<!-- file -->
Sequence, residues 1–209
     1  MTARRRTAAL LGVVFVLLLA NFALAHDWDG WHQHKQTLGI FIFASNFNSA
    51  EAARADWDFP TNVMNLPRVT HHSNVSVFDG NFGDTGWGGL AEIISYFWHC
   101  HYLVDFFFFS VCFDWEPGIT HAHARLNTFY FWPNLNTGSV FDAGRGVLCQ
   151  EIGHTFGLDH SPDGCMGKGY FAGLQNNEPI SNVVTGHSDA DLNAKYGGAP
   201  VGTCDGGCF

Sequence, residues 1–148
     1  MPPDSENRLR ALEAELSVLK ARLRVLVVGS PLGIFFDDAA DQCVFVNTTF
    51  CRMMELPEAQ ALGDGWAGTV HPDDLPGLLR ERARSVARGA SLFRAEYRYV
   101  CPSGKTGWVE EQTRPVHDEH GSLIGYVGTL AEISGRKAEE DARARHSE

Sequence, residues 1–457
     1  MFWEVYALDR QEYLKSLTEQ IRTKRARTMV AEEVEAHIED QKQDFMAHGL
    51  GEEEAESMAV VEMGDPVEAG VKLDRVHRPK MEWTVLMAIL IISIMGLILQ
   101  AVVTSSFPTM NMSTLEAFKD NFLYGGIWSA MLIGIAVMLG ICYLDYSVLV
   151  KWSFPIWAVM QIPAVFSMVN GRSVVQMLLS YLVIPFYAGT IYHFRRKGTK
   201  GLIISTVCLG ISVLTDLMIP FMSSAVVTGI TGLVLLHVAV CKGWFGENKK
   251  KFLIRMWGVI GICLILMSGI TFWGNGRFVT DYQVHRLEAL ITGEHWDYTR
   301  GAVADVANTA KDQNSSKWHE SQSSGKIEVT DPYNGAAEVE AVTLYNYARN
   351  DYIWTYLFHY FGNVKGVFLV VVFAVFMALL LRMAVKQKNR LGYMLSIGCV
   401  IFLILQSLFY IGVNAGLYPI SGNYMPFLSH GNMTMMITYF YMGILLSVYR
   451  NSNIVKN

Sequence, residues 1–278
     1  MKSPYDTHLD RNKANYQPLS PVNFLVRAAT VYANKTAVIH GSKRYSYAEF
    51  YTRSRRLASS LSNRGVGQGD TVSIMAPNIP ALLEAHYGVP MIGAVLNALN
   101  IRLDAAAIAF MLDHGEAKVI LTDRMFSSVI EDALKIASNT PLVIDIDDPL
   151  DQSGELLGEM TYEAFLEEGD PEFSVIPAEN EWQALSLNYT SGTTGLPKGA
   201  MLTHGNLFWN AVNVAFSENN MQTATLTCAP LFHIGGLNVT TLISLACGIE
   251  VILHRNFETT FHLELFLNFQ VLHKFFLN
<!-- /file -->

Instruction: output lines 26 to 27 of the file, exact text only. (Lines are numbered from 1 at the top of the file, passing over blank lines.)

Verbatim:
   151  DQSGELLGEM TYEAFLEEGD PEFSVIPAEN EWQALSLNYT SGTTGLPKGA
   201  MLTHGNLFWN AVNVAFSENN MQTATLTCAP LFHIGGLNVT TLISLACGIE